On June 28, an Albuquerque, NM federal judge ordered the Department of Transportation (DOT) to approve two public right-of-way (ROW) permits to NMSurf Inc. to provide broadband in underserved areas. Governing reported that New Mexico ranks poorly regarding high-speed internet, with 33 percent of residents (700,000) lacking access, according to a 2020 BroadbandNow report.
NMSurf Inc. president and CEO Albert Catanach said the ISP plans to use ROWs from Santa Fe to Albuquerque to construct utility poles that will house broadband equipment. Although the company has worked successfully with the DOT previously, its request to gain access to the ROWs was denied in November 2020, noted Catanach. NMSurf filed a suit against the DOT in early 2021 over the issue.
The DOT argued that the ROWs are exempt under the state’s 2018 Wireless Consumer Advanced Infrastructure Investment Act, reported Governing. It also contended that NMSurf is not a public utility and, therefore, ineligible for unrestricted use of public ROWs.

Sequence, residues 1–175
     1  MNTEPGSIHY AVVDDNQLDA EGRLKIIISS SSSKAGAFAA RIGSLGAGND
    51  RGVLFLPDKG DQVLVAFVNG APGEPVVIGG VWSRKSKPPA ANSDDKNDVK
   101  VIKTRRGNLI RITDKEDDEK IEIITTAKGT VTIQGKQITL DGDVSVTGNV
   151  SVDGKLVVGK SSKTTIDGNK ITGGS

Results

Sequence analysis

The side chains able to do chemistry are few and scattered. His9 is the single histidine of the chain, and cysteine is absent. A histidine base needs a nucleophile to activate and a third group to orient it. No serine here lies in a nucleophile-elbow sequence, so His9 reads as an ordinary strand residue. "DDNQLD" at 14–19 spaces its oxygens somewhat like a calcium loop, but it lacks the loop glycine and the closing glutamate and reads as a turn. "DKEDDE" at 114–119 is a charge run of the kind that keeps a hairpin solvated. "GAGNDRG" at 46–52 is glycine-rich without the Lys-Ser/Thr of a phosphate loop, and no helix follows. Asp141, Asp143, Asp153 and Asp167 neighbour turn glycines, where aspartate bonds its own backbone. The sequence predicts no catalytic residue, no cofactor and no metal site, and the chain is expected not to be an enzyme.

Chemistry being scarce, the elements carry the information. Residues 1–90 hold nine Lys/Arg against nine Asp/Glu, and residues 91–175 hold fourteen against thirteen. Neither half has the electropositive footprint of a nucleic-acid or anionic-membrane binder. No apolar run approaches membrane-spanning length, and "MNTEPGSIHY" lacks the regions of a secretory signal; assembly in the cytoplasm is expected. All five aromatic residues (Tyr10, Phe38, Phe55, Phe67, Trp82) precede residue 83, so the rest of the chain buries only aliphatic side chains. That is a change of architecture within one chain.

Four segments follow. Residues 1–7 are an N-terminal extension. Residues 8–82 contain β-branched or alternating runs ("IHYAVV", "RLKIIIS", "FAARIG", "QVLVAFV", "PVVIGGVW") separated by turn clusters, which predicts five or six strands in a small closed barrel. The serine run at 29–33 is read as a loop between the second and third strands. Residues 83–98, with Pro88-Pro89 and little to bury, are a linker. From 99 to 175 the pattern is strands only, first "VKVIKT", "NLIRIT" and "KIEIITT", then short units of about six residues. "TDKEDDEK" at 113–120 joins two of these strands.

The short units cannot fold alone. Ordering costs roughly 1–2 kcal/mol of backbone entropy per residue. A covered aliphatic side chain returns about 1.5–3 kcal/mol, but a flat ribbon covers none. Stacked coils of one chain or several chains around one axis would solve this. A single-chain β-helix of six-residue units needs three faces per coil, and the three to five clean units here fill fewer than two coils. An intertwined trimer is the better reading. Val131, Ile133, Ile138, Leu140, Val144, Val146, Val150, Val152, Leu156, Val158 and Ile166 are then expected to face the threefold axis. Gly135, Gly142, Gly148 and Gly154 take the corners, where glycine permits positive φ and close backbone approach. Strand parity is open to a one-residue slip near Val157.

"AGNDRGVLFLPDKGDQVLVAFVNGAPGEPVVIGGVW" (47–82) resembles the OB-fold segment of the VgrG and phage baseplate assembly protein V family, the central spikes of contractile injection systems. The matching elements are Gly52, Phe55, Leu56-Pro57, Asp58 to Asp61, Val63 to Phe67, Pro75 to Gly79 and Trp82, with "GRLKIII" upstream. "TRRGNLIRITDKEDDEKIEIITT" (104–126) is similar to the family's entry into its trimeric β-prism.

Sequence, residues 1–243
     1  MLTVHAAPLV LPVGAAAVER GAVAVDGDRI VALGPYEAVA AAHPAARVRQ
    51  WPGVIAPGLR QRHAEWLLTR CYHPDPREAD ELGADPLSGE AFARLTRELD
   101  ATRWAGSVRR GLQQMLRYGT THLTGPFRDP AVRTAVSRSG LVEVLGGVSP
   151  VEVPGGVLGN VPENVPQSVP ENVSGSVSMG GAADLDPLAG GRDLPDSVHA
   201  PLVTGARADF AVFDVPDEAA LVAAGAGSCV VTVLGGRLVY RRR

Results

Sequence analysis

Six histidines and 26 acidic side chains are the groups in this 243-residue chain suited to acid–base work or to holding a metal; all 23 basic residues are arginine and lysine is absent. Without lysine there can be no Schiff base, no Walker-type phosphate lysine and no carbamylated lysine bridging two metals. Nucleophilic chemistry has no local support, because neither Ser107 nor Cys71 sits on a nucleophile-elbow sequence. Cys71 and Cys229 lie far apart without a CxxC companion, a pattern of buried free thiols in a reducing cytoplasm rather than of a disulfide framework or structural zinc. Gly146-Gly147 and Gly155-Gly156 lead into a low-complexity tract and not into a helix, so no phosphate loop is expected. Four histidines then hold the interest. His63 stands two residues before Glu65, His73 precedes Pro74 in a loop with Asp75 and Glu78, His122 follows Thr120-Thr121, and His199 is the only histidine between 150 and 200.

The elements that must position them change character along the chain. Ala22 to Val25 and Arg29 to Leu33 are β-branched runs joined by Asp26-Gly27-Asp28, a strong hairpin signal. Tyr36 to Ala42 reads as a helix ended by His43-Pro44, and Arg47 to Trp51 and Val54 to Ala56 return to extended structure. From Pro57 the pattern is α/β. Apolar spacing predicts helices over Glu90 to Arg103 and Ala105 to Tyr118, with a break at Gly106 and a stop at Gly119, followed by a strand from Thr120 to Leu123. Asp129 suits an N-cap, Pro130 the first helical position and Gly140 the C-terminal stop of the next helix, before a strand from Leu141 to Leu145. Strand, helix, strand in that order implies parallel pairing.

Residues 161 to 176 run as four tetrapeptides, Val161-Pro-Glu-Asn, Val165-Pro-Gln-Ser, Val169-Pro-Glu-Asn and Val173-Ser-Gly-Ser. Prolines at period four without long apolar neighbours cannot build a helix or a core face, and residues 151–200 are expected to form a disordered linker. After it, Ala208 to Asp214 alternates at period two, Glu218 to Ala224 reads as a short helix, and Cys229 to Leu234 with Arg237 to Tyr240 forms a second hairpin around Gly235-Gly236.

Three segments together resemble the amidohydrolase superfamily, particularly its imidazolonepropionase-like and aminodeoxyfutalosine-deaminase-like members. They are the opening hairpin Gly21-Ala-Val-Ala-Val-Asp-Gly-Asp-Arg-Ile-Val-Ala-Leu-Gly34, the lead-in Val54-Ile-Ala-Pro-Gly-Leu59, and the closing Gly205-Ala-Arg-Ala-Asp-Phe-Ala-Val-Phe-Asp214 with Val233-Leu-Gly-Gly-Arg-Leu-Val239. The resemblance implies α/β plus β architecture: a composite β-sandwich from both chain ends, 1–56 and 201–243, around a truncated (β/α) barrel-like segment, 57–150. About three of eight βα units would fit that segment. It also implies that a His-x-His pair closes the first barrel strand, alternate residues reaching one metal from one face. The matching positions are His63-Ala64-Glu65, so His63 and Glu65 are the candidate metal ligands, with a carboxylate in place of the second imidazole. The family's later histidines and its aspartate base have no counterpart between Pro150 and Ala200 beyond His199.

U.S. District Judge Kea W. Riggs ruled that the DOT did not provide sufficient evidence to back its claims, nor did the department prove it would be harmed by allowing NMSurf access. While local governments may regulate “the placement, construction, and modification of personal wireless service facilities,” she wrote that regulation could not “prohibit or have the effect of prohibiting the provision of personal wireless services.”
Catanach said the DOT has yet to issue the permits required to move forward with the ROW infrastructure. According to DOT spokeswoman Marisa Maez, the agency is “100 percent supportive of broadband expansion.” However, she noted that the department has the right to charge public utility companies a fee to access the ROWs.